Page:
For High School Coaches — Vol. 1

I did something like this on my personal blog last year and had a lot of feedback from high school coaches and parents, etc. I can’t coach high school students, and don’t have any experience in doing so, but find that most of the questions I get about training come from either students I am recruiting, parents of students I am recruiting, or high school coaches.

So, with that in mind, I wanted to do a series this week on high school running and preparing an athlete throughout the high school year. Now, I’m starting off this series telling you, “I’ve never coached high school athletes.” So, I won’t pretend to know the day to day situations and circumstances that a high school coach might encounter. But, I have a lot of high school coaches as close friends and colleagues and so a lot of this is based on conversations that I have had with them, my personal beliefs in training, and what I would do if I were to coach at the high school level.

I’m titling the first three days of the series Vol. 1, Vol. 2, and Vol. 3. These segments will cover broader subjects and be a bit more general in nature. I will use the last four days of the series to really outline the training for the Summer, the Cross Country season, the Winter, and the Track season.

So, without any more hesitation…here is Vol. 1.

Vol. 1 — For High School Coaches

The first and most important thing, in my opinion, for a high school coach to do is to recruit athletes. You have to recruit athletes and you have to build a roster. Now, each school will have their own unique circumstances within building a roster; for example, my high school only had 210 or so people in it and only half of them were males. So, you only had ~105 guys to build a men’s cross country team around. And from that number you had ~50 guys who played varsity football. Let’s say another ~20-30 guys who did not do any athletics at all, and another group that were strictly band members, etc. So, when it came down to it, over my four year high school running career, we only had about 10 guys total ever come out to run cross country.

Now, there are some schools where I’ve heard the coaches say that they’ve got 70-100 total males on their cross country team!!! So, obviously, building a roster at a school like that is probably a little easier than at a school like I went to.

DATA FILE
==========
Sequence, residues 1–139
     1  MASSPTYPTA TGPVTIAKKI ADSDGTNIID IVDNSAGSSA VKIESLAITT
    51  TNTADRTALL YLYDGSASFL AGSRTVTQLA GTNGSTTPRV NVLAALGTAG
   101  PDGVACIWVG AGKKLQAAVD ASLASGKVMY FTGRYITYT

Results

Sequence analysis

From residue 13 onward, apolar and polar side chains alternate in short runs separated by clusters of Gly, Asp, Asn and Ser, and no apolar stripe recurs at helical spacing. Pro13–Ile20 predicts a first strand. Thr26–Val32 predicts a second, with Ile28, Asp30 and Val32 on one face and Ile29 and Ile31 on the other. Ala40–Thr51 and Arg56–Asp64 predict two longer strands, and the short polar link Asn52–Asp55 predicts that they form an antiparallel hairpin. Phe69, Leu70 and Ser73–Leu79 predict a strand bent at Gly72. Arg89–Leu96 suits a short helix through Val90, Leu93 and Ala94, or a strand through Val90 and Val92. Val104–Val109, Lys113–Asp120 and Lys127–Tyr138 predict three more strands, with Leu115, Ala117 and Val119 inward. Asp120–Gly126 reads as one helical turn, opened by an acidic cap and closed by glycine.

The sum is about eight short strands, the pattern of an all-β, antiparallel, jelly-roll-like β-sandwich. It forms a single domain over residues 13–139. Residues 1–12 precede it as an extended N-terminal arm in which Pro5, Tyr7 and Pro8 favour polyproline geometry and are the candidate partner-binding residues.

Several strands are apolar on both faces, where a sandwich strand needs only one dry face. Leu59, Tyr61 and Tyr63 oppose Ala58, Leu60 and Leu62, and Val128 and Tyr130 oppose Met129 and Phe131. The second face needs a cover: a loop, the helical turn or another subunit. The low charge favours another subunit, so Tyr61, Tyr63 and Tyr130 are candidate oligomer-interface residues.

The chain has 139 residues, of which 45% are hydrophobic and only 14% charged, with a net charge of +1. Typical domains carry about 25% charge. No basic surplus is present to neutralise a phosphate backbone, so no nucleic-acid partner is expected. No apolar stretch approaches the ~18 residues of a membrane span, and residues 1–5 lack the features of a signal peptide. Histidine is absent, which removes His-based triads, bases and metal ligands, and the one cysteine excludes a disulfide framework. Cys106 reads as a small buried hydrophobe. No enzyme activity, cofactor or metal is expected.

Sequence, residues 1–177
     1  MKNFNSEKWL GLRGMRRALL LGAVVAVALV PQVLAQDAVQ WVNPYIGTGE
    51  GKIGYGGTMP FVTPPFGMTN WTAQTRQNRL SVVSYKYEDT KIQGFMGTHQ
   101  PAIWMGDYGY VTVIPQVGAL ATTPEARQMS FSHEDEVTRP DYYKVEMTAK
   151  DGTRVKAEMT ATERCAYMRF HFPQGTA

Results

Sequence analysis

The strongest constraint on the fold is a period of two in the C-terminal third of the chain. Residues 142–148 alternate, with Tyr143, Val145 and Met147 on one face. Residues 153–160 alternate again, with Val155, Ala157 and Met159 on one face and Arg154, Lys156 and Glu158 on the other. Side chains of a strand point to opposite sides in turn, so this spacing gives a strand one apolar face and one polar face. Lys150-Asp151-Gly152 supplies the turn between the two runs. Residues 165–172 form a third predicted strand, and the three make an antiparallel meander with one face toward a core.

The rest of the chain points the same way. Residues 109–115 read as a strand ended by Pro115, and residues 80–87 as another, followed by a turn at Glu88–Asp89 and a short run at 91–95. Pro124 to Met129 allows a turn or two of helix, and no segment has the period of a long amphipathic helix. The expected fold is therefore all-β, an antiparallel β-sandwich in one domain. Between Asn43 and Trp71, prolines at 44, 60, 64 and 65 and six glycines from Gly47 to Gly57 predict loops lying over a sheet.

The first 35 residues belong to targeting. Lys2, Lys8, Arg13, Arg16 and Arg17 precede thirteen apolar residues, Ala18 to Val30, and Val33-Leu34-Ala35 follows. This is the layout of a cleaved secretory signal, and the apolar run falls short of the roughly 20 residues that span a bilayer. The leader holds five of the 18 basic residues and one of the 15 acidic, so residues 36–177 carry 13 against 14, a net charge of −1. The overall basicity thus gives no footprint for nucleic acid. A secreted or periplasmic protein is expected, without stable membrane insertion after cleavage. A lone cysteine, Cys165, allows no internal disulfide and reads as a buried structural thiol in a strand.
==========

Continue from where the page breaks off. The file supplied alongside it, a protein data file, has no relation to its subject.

Regardless, task #1 is building a roster and in most cases that means recruiting students to join your team. You see, once you build your roster and have athletes on your team, THEN, you can start building the CULTURE.

Outside of recruiting students to join your team and building a roster, BUILDING THE CULTURE IS THE MOST IMPORTANT THING FOR A HIGH SCHOOL COACH.

What do I mean by building a culture?

I mean the attitude and passion and commitment to excellence that your team either has, or does not have. THAT’S CULTURE.

Do you have a group of students that are committed to working hard, being great teammates, getting in the work when the team isn’t together? If so, then you’ve built the right kind of culture on your team.

Do you have a group of students that are excited about the season, that want to do the summer base training, that are invested in the process of training? If so, then you’ve built the right kind of culture on your team.

I believe that once that culture is built, you probably won’t have as hard of a time building the roster each year. The kind of culture I am talking about creating is special and it’s contagious and young people want to be part of something special.

So, how do you create that culture? How do you build that culture?

  1. You show up, EVERY DAY. You need to be the captain of that ship. Your students need to know that you are there and that you are prepared to captain that ship and go down with it if needed. Show up. EVERY DAY. Show them how important the endeavor is by being there EVERY DAY. Start by showing up.
  2. Emotionally invest in the TEAM. I think some people would say that this isn’t very smart, but I disagree. If this is a paycheck for you, or a stipend for you, then that will be very evident and I don’t think these kids want to follow that. But, if they believe that you are invested in them and with them, and if they can see that and feel that, then I believe that they’ll follow you to the end of the world.
  3. Start with encouragement and end with encouragement. They want to know they can do it. Can you challenge them? Can you call them out and hold them accountable? Can you discipline them? YES, but that can all be done by starting with a word of encouragement and ending with a word of encouragement. Just like the culture being contagious…so is encouragement.
  4. Set the bar high, but make sure there are realistic pit-stops along the way. Don’t just say you want to WIN STATE. You can make that the end goal, but make sure there are tangible and realistic steps along the way to get there. I’ve always heard the statement, a kid knows the bull from the bull-oney!!! If you are dead-last at district in year #1, setting the goal to win state in year #2 is probably bull-oney and kids aren’t dumb.


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